Shearer said that cars often drive down the driveway, led astray by GPS devices that seem to be unable to make sense of streets around the ravine near Hiram Place NE. News crews using GPS devices even had a difficult time finding the location as some ended up on the southwest side of the ravine.

The man was transported to Harborview Medical Center in stable condition, according to Seattle Fire Department Spokesman Kyle Moore.

The Seattle P-I has photos showing firefighters rescuing the man and showing the car after the rescue in their post here.

Update: Photo added (below) from other side of ravine, courtesy of a neighbor.

Car in ravine as seen from the west side of Thornton Creek.

Car in ravine as seen from the west side of Thornton Creek.

Map below shows where accident happened.

View Larger Map

Car knocks down power pole on Lake City Way

A City Light crew works to right a large power pole knocked down on Lake City Way.

A City Light crew works to right a large power pole knocked down on Lake City Way.

A car knocked down a large power pole on Lake City Way early Sunday morning. The pole on the west side of the street near NE 95th Street fell north and was laying mostly on the sidewalk. Power lines were down in the westernmost lake of LCW.

The accident, reported on 911 logs at about 5 a.m., caused the closure of some southbound lanes, causing a traffic backup as a crew worked to lift the damaged pole.

There were no significant power outages reported after the accident. You can check a status map for Seattle City Light at this link.



Lake City Way Traffic Safety Corridor

The City of Seattle has partnered with the Washington Traffic Safety Commission and the Washington State Department of Transportation to launch a multi year Corridor Safety Project on Lake City Way. This program will be similar to the recently completed Aurora Traffic Safety Project.

The goal of the project is to reduce collisions by 25% along LCW from  75th to 145th by:

  1. Community identified street improvements.
  2. A public education campaign.
  3. Increased enforcement efforts.

The Taskforce has met twice to date now – On Wednesday, January 16th and Wednesday, February 13th at the Lake City Community Center from 4 to 6 pm. The Taskforce will be meeting for 6 months to come up with an action plan.

At the first meeting, a presentation of the collision data was made. It showed what kinds of collisions were happening, where they happened, what time and conditions, age of involved parties, whether cyclists or pedestrians were involved, and if there were fatalities or injuries. The data showed that LCW has a higher rate of collisions than similar corridors.

At the second meeting, there were three break out groups to identify issues related to enforcement, education, and engineering. The results will be made public soon and will be posted on this site.

The next meeting time and date is to be announce for mid March. It will be a bus tour down LCW to look closer at the locations identified as having issues.

If you would like to be involved on the Taskforce, or just receive updates, please contact the project manager ( Jim Curtin ) at jim.curtin@seattle.gov

Sidewalk Funding for 127th

A frame from the slideshow presentation
Representatives from Douglas Park Cooperative were at the North District Council meeting last week Wednesday to make a presentation of our request for sidewalks on NE 127th street between 25th and 27th. All NDC member organizations voted and our project was one of the three selected. If everything goes well, SDOT will start designs in November of this year.

More information about the Bridging the Gap Neighborhood Street Fund can be found here.  Below is a timeline from their site:

NSF Project Selection Timeline:
January – Each of Seattle’s 13 neighborhood District Councils will select three projects for further evaluation (up to 39 projects in all).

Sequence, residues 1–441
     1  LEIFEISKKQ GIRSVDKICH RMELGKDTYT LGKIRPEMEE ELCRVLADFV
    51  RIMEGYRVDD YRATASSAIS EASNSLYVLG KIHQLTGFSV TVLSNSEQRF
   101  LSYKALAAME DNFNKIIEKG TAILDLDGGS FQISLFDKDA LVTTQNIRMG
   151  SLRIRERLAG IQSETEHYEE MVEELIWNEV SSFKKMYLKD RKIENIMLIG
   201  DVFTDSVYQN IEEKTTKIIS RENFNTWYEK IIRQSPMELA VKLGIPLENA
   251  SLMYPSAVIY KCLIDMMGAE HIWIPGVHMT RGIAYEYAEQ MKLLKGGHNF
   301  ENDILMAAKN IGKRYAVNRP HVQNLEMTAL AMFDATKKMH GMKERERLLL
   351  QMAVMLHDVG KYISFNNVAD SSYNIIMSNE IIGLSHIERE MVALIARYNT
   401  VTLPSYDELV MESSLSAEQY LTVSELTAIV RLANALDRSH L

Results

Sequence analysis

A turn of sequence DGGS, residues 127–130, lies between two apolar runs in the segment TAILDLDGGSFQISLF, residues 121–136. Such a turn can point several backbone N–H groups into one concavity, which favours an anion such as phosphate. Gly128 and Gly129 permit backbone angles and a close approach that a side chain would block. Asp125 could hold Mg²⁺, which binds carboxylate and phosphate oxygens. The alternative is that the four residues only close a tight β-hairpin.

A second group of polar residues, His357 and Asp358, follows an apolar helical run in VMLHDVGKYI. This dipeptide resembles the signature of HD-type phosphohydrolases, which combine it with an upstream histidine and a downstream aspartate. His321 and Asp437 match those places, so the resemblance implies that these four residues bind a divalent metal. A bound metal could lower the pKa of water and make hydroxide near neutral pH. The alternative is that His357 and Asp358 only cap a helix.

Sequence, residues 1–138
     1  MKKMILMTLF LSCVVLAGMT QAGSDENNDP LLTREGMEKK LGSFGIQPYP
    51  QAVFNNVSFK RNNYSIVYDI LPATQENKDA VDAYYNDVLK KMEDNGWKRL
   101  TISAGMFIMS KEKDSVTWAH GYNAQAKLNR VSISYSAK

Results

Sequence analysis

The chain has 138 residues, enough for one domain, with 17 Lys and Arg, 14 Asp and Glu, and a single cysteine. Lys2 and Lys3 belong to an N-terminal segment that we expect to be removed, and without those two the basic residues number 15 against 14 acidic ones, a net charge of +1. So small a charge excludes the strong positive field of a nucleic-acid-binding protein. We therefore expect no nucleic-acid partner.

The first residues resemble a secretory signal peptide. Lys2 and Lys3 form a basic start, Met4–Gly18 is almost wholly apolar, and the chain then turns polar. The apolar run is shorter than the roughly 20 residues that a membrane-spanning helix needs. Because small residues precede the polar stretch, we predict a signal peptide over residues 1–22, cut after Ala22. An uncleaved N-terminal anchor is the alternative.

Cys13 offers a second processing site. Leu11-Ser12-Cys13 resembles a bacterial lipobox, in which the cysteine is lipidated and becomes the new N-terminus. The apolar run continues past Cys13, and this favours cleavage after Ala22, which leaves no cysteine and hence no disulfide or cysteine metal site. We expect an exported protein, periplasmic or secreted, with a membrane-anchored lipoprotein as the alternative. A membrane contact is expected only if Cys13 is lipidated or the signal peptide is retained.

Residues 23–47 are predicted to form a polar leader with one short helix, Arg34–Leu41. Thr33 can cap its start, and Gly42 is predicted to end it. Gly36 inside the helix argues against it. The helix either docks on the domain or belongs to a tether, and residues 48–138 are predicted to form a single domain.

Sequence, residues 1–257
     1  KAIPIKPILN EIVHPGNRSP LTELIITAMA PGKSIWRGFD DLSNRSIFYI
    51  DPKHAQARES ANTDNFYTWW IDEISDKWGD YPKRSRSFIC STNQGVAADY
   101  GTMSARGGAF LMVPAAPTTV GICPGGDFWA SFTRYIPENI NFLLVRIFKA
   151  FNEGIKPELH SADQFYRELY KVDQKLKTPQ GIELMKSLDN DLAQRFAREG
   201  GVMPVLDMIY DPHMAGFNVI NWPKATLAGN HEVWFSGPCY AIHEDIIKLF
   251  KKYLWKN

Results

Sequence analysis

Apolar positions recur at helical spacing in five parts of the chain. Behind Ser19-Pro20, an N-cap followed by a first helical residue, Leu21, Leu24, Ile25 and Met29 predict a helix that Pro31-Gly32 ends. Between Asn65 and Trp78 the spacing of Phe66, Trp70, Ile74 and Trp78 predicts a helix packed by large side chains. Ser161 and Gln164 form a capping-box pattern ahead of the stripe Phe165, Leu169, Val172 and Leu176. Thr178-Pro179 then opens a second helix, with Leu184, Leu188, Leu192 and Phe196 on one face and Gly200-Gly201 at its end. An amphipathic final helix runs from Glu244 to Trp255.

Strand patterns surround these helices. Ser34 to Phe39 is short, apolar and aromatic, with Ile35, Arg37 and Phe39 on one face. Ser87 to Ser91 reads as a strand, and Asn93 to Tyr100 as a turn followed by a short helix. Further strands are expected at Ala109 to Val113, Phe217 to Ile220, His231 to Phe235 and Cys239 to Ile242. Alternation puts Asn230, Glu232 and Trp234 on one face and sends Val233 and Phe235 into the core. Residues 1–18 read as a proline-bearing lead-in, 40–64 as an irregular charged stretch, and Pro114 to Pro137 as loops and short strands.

February - May – SDOT conducts a high level scope & cost estimate of the projects selected by the neighborhood District Councils.
June – Each neighborhood District Council prioritizes its own list of projects.
July – Bridging the Gap Oversight Committee evaluates all proposed projects for funding.
August – Oversight committee makes funding recommendations to the Mayor & City Council.
September – 2014 Budget adopted.
October/November – SDOT begins planning and design work.

This sidewalk is in addition to the sidewalk going in on 130th between 25th and 28th. That sidewalk is being funded by the State of Washington's Safe Routes to School Program, and is currently in design. It will be constructed this year.

Pedestrian Fatality on Lake City Way

In a sad turn to this busy holiday season, a pedestrian trying to cross Lake City Way on December 26th, was struck by a vehicle and died. From the Seattle Police Blotter:
“A Saturn Ion was travelling north in the 11000 Block of Lake City Way NE.  At the same time, an adult male attempted to cross Lake City Way in front of the car, when he was struck.  Seattle Fire and Seattle Police both responded to the scene.  The 55-year-old pedestrian was transported to Harborview Medical Center via Medics, but unfortunately he died of his injuries a short while after arriving at the hospital. The 23-year-old male driver, the only occupant of the car, was evaluated at the scene by a Drug Recognition Expert (DRE) officer, which is standard procedure.  There were no signs of impairment exhibited by the driver.”     Another pedestrian was struck in a hit and run on December 20th along 30th Ave NE at 135th.  Pedestrian and traffic safety are ongoing concerns for many area residents. The Lake City Neighborhood Alliance (a coalition of community groups in the greater Lake City area) has been working to raise awareness of these and other neighborhood issues. Several city officials recently attended walking tours of the Lake City neighborhood, where pedestrian safety was one of many topics discussed.   On December 27th, the city announced a new Lake City Way Traffic Safety Corridor Project. This project is described by Seattle Dept. of Transportation (SDOT) as “a multi-year effort to improve traffic safety for all on Lake City Way/State Route 522.”  The project aims to reduce collisions along Lake City Way by 25%, through a combination of public education, increased enforcement efforts and community-identified street improvements.  A meeting to launch this safety effort is scheduled for Wednesday, January 16th from 2:30-4:00pm at the Lake City Community Center (located at 12531 28th Ave NE). If you’d like to learn more, or participate in this effort, please contact us at info@familiesforlakecity.com.